This series also contains the only surviving letter by Barrie to Michael Llewelyn Davies (illustrated left), the major model for Peter Pan. When Michael went up to Eton in 1913, three years after the death of his mother Sylvia, he was extremely homesick: "he missed [his nanny] Mary Hodgson; he missed Uncle Jim [Barrie]; most of all, he missed his mother". Barrie tried to ease his miserable loneliness by writing to him every day (instead of once a week as he had done with George). To the eighteen-year-old Michael on March 29, 1918 he remarks on how lonely he is on bank holidays, although he rejoices in the thought that Michael and Nico are almost on the way home, and writes:
"...I got your dressing-table out [of Campden Hill] all right & have been trying various plans to make the rooms nice..."
Tragically three years later in May 1921, Michael and his friend, Rupert Buxton drowned whilst bathing in a mill-pond at Standford Pool, Oxford. Michael had never been able to swim and there was widespread speculation after his death, that in fact the two inseparable companions had made a suicide pact
The collection also includes The Llewelyn Davies photographic archive, which contains more than four hundred photographs, of which many are unpublished, and is estimated to fetch £15,000-£20,000. The great majority are vintage prints and include a large number taken by Barrie himself, such as the famous series of George Llewelyn-Davies as Peter Pan. A small number are by named photographers or studios including Frederick Hollyer, H.S. Mendelssohn and Lizzie Caswall Smith. Other celebrated images include some from the expedition to Black Lake in 1901 (the inspiration for The Boy Castaways, the precursor to Peter Pan) as well as many beautiful images of the Llewelyn-Davies boys with their mother Sylvia or their father Arthur.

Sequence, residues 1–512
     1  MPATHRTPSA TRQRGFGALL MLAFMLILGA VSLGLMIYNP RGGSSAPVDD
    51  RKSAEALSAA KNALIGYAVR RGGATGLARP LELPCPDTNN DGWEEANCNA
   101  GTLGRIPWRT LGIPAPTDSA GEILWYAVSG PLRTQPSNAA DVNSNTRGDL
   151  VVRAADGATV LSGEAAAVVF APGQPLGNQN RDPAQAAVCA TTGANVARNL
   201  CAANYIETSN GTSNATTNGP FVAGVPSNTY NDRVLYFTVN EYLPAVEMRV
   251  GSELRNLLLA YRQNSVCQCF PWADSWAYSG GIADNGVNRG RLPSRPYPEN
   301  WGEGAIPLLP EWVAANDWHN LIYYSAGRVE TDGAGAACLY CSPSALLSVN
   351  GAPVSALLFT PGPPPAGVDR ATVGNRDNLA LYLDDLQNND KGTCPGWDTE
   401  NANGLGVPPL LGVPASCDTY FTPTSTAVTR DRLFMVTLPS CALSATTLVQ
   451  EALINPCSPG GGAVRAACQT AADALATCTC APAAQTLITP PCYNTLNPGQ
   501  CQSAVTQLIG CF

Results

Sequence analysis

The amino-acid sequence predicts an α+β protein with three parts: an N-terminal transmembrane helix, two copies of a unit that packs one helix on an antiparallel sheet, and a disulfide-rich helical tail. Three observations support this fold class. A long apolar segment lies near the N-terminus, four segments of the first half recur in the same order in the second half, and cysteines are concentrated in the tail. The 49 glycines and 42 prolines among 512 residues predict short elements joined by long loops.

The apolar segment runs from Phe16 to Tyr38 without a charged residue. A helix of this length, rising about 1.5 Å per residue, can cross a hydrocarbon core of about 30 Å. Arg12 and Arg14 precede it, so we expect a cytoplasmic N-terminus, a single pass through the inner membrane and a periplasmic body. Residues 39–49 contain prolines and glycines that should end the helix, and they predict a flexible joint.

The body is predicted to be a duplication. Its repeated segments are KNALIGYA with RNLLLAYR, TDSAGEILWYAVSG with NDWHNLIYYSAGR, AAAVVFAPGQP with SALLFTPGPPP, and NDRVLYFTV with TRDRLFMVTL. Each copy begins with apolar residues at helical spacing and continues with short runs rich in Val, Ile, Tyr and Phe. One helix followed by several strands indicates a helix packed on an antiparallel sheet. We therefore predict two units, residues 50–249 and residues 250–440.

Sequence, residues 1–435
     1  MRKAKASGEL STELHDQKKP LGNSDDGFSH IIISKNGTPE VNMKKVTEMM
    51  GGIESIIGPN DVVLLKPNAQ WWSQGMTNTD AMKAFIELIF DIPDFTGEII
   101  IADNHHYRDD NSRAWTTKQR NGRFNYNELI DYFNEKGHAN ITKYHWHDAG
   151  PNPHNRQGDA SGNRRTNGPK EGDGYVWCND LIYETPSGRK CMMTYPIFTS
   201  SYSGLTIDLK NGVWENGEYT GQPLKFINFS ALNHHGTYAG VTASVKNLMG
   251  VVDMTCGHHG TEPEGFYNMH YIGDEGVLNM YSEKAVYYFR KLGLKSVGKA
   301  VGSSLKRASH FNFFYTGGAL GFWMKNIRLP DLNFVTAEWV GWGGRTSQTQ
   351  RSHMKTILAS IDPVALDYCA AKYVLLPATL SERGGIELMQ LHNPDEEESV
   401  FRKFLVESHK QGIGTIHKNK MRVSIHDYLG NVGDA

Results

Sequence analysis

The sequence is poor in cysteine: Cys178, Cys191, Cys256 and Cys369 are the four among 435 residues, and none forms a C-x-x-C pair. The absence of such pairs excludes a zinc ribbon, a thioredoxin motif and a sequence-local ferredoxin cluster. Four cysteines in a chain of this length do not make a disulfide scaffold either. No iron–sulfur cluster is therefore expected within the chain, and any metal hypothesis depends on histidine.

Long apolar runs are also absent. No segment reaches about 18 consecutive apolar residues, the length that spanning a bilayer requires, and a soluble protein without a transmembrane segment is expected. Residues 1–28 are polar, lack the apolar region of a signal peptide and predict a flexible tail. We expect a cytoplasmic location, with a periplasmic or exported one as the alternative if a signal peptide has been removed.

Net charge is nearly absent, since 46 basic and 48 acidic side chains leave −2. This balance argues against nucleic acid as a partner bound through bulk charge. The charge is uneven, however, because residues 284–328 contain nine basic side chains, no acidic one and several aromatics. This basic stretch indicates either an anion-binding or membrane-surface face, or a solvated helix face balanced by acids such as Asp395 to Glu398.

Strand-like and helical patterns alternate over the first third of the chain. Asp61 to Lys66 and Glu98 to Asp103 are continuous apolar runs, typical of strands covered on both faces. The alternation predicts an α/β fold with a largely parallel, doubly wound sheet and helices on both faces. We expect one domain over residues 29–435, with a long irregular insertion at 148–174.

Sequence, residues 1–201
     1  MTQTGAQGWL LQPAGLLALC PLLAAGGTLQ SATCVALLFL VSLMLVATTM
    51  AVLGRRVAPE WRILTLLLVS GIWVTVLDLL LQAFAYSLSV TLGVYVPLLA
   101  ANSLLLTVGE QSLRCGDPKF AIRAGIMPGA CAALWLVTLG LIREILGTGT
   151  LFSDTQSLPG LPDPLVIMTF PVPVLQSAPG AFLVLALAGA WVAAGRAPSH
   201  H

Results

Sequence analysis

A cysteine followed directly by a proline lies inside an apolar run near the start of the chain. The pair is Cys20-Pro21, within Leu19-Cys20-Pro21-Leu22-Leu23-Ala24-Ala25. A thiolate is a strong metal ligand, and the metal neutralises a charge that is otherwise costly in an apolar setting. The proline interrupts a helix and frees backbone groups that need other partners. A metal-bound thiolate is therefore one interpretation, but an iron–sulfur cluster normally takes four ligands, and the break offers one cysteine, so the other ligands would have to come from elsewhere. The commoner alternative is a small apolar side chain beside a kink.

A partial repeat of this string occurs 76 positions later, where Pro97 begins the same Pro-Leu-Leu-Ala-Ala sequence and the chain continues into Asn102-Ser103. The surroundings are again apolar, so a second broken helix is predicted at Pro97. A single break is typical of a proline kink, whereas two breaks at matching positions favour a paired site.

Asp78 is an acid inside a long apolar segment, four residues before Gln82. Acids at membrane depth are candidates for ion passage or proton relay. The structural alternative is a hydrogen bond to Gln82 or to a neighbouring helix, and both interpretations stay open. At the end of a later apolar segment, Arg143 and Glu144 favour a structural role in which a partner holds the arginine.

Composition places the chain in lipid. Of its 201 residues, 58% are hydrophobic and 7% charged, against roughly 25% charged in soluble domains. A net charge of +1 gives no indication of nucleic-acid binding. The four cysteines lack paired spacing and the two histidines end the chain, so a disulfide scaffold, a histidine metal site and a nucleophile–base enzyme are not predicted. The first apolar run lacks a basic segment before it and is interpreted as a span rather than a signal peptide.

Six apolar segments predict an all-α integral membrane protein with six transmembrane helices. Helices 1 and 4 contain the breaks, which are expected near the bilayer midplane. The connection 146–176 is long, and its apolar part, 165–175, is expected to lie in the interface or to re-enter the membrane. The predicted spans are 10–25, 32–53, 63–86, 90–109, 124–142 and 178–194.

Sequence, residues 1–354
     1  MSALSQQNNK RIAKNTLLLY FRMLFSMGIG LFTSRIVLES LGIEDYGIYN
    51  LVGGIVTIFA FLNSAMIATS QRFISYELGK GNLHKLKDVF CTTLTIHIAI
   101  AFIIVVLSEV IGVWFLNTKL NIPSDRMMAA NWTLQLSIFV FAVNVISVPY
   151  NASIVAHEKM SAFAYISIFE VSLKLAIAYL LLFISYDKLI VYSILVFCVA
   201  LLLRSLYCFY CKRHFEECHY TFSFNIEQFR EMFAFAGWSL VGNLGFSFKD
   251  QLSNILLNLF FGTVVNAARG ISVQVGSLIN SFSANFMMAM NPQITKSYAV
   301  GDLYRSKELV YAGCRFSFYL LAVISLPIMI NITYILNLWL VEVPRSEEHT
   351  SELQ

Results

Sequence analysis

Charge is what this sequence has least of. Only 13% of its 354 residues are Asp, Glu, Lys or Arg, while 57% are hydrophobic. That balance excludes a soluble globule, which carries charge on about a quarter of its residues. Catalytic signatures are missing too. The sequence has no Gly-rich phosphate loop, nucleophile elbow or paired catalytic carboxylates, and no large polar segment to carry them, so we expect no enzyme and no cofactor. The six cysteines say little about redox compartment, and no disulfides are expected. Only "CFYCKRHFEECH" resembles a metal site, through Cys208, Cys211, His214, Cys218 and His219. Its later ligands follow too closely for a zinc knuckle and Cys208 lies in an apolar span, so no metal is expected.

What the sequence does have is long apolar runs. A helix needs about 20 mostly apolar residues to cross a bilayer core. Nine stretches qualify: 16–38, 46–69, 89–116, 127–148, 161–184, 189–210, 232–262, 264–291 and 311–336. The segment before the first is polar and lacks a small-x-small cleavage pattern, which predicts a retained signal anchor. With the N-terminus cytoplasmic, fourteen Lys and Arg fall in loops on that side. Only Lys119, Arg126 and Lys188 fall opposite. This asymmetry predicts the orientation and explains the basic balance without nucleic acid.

Other highlights in the collection include a group of four original official photographs of the first production of Peter Pan (one of which is illustrated above). The photographs originally belonged to Nina Boucicault, who first played Peter Pan and are estimated to fetch £1,500-£2,000. These will be offered alongside the Peter Pan outfit worn by the actress Zena Dare (1887-1975), who played Peter Pan in the first provincial production of the play that opened at the Prince's Theatre, Manchester, on 24 December 1906, which is estimated at £2,000-£3,000. The collection also includes the programme (one of a group of three) for a special private performance of Peter Pan given to the bed-ridden Michael Llewelyn-Davies at his home in 1906 - recreated in the film Finding Neverland - which is estimated at £1,500-£2,000.
The collection will be on view at Sotheby's London from: Sunday, December 12 - Wednesday, December 15